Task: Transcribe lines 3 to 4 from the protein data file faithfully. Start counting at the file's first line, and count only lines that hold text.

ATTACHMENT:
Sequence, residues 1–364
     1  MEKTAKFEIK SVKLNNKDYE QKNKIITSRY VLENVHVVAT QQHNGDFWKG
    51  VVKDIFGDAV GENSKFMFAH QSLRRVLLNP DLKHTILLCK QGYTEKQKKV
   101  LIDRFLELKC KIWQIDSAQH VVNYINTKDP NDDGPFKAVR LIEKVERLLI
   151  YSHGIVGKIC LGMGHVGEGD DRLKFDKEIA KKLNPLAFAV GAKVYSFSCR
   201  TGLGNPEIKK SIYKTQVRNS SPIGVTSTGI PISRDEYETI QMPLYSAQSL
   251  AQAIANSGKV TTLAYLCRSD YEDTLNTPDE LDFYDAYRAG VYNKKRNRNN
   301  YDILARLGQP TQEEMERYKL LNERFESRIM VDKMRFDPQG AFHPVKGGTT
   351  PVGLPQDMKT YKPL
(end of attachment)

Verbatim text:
    51  VVKDIFGDAV GENSKFMFAH QSLRRVLLNP DLKHTILLCK QGYTEKQKKV
   101  LIDRFLELKC KIWQIDSAQH VVNYINTKDP NDDGPFKAVR LIEKVERLLI